Its Alipay payments business is rapidly gathering customers and real-time data that benefits the rest of the group. Alipay, China’s largest third-party mobile payment app by volume, saw its monthly active users swell to 731 million as of September 30, up from 711 million as of June 30.
Whether investors view Ant as a technology or a financial firm has implications for where Ant will eventually trade.
It is likely to enjoy an updraft from rising technology valuations worldwide. The MSCI World Information Technology Index climbed 27 per cent in the year to September 30 and is trading at a price-to-earnings (P/E) multiple of 36 times.
In stark contrast, MSCI’s World Bank Index fell 32 per cent to a P/E ratio of 10.6 times, and the MSCI World Insurance Index has dropped 17.21 per cent and is trading at a multiple of 13 times.
Investors are triangulating multiple data points and using different methods to calculate Ant’s worth, such as multiples of earnings, where comparable companies for each of its businesses are trading, summing the value of its parts as well as analysing its future cash flows and discounted equity value.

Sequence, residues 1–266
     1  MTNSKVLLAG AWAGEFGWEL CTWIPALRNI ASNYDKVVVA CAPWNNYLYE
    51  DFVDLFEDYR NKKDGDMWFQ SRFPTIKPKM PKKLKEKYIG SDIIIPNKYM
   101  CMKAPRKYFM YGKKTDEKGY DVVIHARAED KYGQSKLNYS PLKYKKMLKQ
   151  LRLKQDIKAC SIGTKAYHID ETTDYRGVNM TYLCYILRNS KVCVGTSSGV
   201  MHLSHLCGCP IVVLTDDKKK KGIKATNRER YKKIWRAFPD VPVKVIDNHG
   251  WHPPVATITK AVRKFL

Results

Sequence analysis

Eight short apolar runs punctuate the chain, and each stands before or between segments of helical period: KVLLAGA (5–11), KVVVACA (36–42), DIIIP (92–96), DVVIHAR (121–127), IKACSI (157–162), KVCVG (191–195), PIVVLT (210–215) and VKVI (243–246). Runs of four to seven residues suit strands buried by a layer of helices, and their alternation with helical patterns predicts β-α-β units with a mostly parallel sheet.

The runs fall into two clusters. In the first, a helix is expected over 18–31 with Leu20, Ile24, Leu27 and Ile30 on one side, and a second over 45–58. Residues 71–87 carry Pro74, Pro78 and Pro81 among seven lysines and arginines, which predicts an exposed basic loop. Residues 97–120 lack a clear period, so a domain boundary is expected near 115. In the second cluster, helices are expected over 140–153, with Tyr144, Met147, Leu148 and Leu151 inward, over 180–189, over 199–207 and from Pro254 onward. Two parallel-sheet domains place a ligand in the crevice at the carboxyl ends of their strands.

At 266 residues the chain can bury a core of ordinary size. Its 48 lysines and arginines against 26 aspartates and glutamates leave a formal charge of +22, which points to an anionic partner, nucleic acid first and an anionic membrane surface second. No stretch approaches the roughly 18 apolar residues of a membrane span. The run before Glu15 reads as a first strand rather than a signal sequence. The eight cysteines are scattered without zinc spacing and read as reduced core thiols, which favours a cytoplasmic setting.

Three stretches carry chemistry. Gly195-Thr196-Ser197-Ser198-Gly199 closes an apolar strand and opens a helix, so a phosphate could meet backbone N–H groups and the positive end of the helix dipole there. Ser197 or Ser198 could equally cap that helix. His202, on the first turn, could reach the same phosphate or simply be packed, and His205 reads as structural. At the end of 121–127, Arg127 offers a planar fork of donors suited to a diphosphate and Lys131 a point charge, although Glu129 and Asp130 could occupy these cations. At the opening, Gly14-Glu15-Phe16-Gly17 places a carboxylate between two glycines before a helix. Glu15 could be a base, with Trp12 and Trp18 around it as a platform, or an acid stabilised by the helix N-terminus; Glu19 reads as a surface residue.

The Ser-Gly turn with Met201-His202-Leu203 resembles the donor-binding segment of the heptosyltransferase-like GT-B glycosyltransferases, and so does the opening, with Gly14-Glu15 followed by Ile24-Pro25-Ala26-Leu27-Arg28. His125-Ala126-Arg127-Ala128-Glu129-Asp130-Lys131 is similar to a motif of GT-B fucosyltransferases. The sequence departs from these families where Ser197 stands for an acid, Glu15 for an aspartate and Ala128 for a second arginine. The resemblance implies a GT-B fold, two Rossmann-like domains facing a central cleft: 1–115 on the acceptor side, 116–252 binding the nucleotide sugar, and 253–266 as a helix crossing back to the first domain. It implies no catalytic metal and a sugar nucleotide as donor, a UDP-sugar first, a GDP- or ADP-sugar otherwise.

Investors typically scan public markets to see where similar companies are trading as a short cut to estimating where a public markets debutant will trade.
Most analysts agree that Alipay’s closest peer is the financial arm of Tencent’s social media platform WeChat in terms of size, scope and growth potential. It also operates the WeChat Pay payments platform. Tencent is trading at a P/E multiple of 51 times trailing 12 months earnings as of Thursday.
Alibaba, the owner of the South China Morning Post, owns a third of Ant. Alibaba trades at 33 times last 12 months earnings.
Another yardstick is five of America’s most prominent technology companies, or the “FAANG” stocks: Facebook, Apple, Amazon, Netflix and Alphabet, Google’s parent company. Apple has a market capitalisation of US$1.99 trillion and trades at a P/E of 36 times, while Amazon is valued at US$1.59 trillion at a P/E of 122 times.
Alphabet has a market cap of US$1.08 trillion and Facebook is valued at US$794.1 billion. Netflix, the smallest of the FAANG stocks, has a market cap of US$215.7 billion.
Another measure to compare Ant with its peers is the price-to-earnings growth ratio (PEG). The lower a PEG ratio a company has, the more attractive its valuation.
As of Thursday’s close in Hong Kong, Alibaba was trading at a 1.59 times PEG ratio, while Tencent’s PEG was 1.7 times. Over time, Ant could trade in line with its peers on this measure, according to a person familiar with the matter.